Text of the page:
There is a very steep rise in the Covid-19 mortality curve in Bulgaria, with the largest increase since September, national operational headquarters chief Major-General Ventsislav Mutafchiyski told a news conference on March 11.
The increase is on average 53 per cent on a weekly basis, Mutafchiyski said at the Health Ministry’s regular weekly briefing on the Covid-19 situation in Bulgaria.
The increase in morbidity was 38 per cent on a weekly basis. “We are currently at the level of November 5,” he said.
The number of hospital cases was up by 12 per cent and on a weekly basis, the increase in occupancy of intensive care beds was 11.3 per cent, Mutafchiyski said.
“Things are not going in the right direction, measures must be taken,” he said, pointing to hospitals where capacity was exhausted.
“This morning at the Military Medical Academy we had five free beds, although three days ago we opened two new clinics. By the time I return from this briefing, these beds will no longer be available,” he said.
Mutafchiyski’s message was starker than that of Health Minister Kostadin Angelov and Chief State Health Inspector Angel Kunchev, who at the same briefing defended the current approach to the Covid-19 situation in Bulgaria.
Angelov said that in some areas of the country, the coronavirus situation “is starting to become serious” which he said was expected because of the spread of the UK variant.
Kunchev said that the third wave of Covid-19 infections was present everywhere, especially in the Balkans.
He cited figures that the number of new infections in the past day in Bulgaria was lower than in Serbia and Greece, which have stricter measures.
Kunchev said that in terms of morbidity in the past 14 days, Bulgaria remained in 16th place in the European Union.
The incidence was highest in the districts of Pleven, Kyustendil, Vratsa, Bourgas, Sofia, Shoumen and Pernik, places that had imposed additional measures locally such as sending pupils in the fifth to 12th grades back to distance learning, making the wearing of masks in crowded places outdoors mandatory, cutting restaurant opening hours by an hour and limiting sports events.
“To me, this is absolutely justified,” said Kunchev, who during the briefing took a stance against shutting restaurants, saying that the industry had made every effort to comply with anti-epidemic measures.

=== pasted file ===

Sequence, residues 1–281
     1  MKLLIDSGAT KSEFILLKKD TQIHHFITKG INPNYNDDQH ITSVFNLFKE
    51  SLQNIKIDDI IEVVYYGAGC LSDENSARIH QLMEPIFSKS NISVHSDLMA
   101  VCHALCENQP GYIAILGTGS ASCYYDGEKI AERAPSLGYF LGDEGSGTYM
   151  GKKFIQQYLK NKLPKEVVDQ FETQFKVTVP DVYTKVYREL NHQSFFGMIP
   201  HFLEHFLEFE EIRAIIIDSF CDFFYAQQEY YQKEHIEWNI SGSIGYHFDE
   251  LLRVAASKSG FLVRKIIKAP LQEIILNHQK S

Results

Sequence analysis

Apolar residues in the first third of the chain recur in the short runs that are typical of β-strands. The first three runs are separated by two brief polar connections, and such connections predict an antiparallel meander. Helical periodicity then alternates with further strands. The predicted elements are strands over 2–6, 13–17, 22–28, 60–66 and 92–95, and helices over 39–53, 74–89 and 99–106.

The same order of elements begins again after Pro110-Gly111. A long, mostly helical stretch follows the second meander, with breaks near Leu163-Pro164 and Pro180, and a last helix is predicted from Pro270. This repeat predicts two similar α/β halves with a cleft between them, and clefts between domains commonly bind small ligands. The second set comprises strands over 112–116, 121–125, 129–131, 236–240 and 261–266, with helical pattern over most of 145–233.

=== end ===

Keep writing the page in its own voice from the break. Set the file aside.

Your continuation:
Kunchev tangled with reporters who asked why, given the deteriorating situation, firmer measures were not being applied. “No one is claiming that if certain measures are applied, you will get an absence of an epidemic,” he said.
“We are not ready for a new lockdown, not because it is medically unjustified, but because people are not ready,” Angelov said.
“I am not afraid of the measures, nor am I afraid of imposing them. If necessary, we will do so. I do not know when we will do so. If we have to do so, we will do so,” he said. “About six and a half to seven million people live in the country, we don’t have that many police officers,” Angelov said.
“When society is ready to believe in these measures, when it is ready to comply with them, and when we as people believe in the need for these measures, then we will introduce them. There is no way to introduce measures where people do not believe in these measures,” he said.
“It is not a question of issuing an order, but of ensuring its observance,” Angelov said. Responding to a question, he denied that Prime Minister Boiko Borissov – whose party faces an election at the beginning of April – had told the operational headquarters not to press for stricter anti-epidemic measures.
Medicines Agency head Bogdan Kirilov told the news conference that reports of adverse reactions after vaccinations were at a rate of about three in 1000, meaning 840 such reports.
Commenting on reports that Austria had suspended the administering of a specific batch of AstraZeneca vaccine after a death, Kirilov said that there was no data on a causal link and the European Medicines Agency had not recommended that other countries suspend vaccinations with the vaccine.
He said that 31 200 doses of AstraZeneca vaccine had been delivered to Bulgaria on February 12 and almost all of them had been administered. Bulgarian health authorities had not received any reports on adverse reactions, he said.
A further 31 200 doses of AstraZeneca vaccines were expected in Bulgaria on March 12, a quantity 2400 more than initially agreed, Kirilov said. A total of 21 060 doses of BioNTech-Pfizer vaccine are expected on March 15, while 33 600 doses of the Moderna vaccine are expected in the middle of next, and 36 000 doses of AstraZeneca vaccine at the end of next week, Kirilov said.
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The Sofia Globe’s coverage of the Covid-19 situation in Bulgaria is supported by the Embassies of Switzerland and Finland.
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